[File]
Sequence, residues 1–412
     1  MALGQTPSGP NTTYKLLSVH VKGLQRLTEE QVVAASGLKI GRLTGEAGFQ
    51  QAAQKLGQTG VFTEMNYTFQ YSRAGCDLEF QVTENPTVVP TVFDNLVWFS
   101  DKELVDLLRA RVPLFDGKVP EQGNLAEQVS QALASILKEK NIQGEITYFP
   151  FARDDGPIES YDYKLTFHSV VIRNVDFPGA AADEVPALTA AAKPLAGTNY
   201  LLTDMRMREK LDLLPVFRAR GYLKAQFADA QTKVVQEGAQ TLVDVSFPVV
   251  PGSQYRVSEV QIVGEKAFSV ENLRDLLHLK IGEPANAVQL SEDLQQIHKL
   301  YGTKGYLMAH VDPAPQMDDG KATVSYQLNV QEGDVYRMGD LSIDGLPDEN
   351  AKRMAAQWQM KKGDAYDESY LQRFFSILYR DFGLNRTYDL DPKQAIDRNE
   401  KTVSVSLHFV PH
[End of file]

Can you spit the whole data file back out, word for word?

Sequence, residues 1–412
     1  MALGQTPSGP NTTYKLLSVH VKGLQRLTEE QVVAASGLKI GRLTGEAGFQ
    51  QAAQKLGQTG VFTEMNYTFQ YSRAGCDLEF QVTENPTVVP TVFDNLVWFS
   101  DKELVDLLRA RVPLFDGKVP EQGNLAEQVS QALASILKEK NIQGEITYFP
   151  FARDDGPIES YDYKLTFHSV VIRNVDFPGA AADEVPALTA AAKPLAGTNY
   201  LLTDMRMREK LDLLPVFRAR GYLKAQFADA QTKVVQEGAQ TLVDVSFPVV
   251  PGSQYRVSEV QIVGEKAFSV ENLRDLLHLK IGEPANAVQL SEDLQQIHKL
   301  YGTKGYLMAH VDPAPQMDDG KATVSYQLNV QEGDVYRMGD LSIDGLPDEN
   351  AKRMAAQWQM KKGDAYDESY LQRFFSILYR DFGLNRTYDL DPKQAIDRNE
   401  KTVSVSLHFV PH